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In just a few years, extreme poverty — the most severe form of poverty in which people are unable to meet their most basic needs — could all but disappear from across the world.
That is, as long as the left accepts the reason for it.
Researchers Ronald Bailey and Marian L. Tupy detailed the approaching extinction in the 2020 book Ten Global Trends Every Smart Person Should Know.
According to the couple, the majority of our ancestors lived and died in abject poverty for most of history. After many centuries, things began to improve.
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In 1820, 84 percent of the world’s population lived in extreme poverty. By 1910 that number had dropped to 66 percent, and by 1950 it was 55 percent.
As the world entered the 21st century, the unbelievable happened. In 2018, only 8.6 percent of the world’s population lived in extreme poverty.
The United Nations believes extreme poverty could be virtually eliminated by 2030.
So what prompted this abrupt turn?
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Around the same time, towards the end of the 18th century, industrial capitalism emerged. According to the German historian Rainer Zitelmann, this was no coincidence.
Indeed, in an article for Forbes, Zitelmann credited this era of capitalism with increasing global life expectancy, reducing world hunger, and improving global environmental conditions.
“Capitalism is not the problem, as anti-capitalists tell us,” wrote Zitelmann. “In fact, it is capitalism that has very successfully solved many of the world’s most serious problems over the past two centuries.”
Indeed, despite these many advances and their obvious associations with capitalism, many on the left have lamented the Industrial Revolution and the tidal wave of free markets that followed. In her view, this period saw a worrying rise in wealth inequality.
To this day, even the left’s brightest stars lament capitalism. Take Rep. Alexandria Ocasio-Cortez, for example. AOC once claimed that capitalism is “not a redeemable system in which we can partake in order to achieve prosperity and peace for the vast majority of people.”
While the historical record of the past 200 years clearly proves that capitalism works for “the vast majority of people,” one need not refer to history to refute AOC’s claim. Even today, one need only point to the poorest countries. As it turns out, these are the countries with the least amount of economic freedom.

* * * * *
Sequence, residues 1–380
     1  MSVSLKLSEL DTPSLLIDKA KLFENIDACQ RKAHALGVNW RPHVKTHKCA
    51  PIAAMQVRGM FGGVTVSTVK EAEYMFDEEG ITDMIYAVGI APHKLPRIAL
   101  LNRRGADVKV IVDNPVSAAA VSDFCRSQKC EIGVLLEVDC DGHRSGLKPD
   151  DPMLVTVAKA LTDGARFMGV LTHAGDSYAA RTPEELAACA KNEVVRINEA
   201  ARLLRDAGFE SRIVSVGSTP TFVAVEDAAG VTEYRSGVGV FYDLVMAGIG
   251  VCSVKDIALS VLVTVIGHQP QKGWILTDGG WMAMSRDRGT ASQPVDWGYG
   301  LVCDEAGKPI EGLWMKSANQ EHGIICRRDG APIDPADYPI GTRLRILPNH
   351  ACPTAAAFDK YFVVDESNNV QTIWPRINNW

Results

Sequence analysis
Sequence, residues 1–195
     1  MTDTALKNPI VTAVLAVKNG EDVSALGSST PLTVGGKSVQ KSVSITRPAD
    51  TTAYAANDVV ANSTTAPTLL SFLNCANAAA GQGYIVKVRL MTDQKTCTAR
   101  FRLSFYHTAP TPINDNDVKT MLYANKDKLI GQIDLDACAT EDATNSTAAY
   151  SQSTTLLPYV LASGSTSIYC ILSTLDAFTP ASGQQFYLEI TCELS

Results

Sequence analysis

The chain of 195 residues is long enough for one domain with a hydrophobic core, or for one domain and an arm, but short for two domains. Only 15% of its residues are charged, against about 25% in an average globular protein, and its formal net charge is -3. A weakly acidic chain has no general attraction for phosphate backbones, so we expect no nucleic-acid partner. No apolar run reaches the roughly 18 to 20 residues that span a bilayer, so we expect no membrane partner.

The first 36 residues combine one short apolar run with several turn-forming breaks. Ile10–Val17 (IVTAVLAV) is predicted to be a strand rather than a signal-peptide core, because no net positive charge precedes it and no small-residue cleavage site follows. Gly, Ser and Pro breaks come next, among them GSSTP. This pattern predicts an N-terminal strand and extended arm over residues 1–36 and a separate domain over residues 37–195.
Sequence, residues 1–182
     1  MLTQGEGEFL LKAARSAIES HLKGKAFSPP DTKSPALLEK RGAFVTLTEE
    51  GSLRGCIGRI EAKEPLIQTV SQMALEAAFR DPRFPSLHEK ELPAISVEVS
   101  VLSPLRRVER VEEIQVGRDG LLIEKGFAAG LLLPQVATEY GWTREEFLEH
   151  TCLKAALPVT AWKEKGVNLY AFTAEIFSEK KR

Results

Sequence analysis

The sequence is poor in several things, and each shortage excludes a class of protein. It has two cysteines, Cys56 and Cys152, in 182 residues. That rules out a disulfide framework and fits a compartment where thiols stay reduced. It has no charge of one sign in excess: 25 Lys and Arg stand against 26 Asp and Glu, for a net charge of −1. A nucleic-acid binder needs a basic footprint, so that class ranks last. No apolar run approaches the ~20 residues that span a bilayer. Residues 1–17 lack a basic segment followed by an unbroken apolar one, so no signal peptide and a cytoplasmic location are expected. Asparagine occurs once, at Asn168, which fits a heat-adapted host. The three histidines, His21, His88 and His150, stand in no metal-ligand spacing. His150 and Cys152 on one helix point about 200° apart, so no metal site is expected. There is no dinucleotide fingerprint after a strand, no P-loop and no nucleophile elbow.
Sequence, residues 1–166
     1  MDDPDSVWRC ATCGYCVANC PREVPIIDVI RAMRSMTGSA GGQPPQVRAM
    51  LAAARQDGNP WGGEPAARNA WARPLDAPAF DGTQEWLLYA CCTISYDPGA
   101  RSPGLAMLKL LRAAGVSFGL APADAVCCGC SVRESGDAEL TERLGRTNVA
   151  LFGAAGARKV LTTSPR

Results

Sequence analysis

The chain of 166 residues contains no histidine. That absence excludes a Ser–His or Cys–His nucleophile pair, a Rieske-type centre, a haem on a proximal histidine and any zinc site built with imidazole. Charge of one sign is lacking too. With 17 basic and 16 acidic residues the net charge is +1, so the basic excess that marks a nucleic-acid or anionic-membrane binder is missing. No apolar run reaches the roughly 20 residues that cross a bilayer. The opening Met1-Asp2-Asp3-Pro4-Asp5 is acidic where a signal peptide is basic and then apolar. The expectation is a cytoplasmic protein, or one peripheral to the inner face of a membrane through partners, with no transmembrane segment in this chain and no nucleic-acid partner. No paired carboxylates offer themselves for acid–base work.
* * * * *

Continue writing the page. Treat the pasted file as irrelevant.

World Population Review finds that the following 10 countries have the highest rates of poverty in the world:
- South Sudan: 82.30 percent
- Equatorial Guinea: 76.80 percent
- Madagascar: 70.70 percent
- Guinea-Bissau: 69.30 percent
- Eritrea: 69.00 percent
- Sao Tome and Principe: 66.70 percent
- Burundi: 64.90 percent
- Democratic Republic of the Congo: 63.90 percent
- Central African Republic: 62.00 percent
- Guatemala: 59.30 percent
Eight of those 10 countries rank on the Heritage Foundation’s 2022 Index of Economic Freedom as either “largely unfree” or “oppressed,” a measure of how much control individuals have over (in other words, a measure of) their own work and property how capitalist every country is country is). The two outliers, Guatemala and Sao Tome and Principe, rank in the bottom half of the countries that are moderately free.
Countries classified as “free” and “mostly free” have far lower poverty rates.
The only notable exception to this rule is the communist country of China, which, despite being listed as one of the most economically oppressed countries, also has one of the lowest poverty rates.
Anti-capitalists shouldn’t necessarily see this as a win – although the Chinese Communist Party has exercised ownership of the means of production, it has encouraged private enterprise and used free markets to boost the economy since the 1990s.
The US does reasonably well on both its poverty rate – 18 percent – and its economic freedom – “mostly free”. However, it could be better if private companies and individuals were given even more freedom.
But Democrats like AOC and even President Joe Biden appear to be actively promoting and pursuing policies that further restrict those freedoms through regulation, taxes and other means.
In an interview with The Western Journal, Zitelmann said US citizens should avoid complacency. If freedom is not defended, it can disappear in the blink of an eye.
Venezuela, for example, was once a democracy with one of the highest standards of living in the world thanks to its wealth of valuable resources. Then came the socialists, who in a few years ” drove the country into the abyss and robbed it of its liberty and prosperity”.
The same happened with Argentina.
“100 years ago Argentina was one of the five richest countries in the world. Then came the Peronists with their redistribution policy, and no country has declined as much in 100 years as Argentina,” wrote Zitelmann.
“In other words, there’s no guarantee a rich country will stay rich, not even the US.”
https://www.westernjournal.com/left-wrong-big-lie-poverty/ The Big Lie About Poverty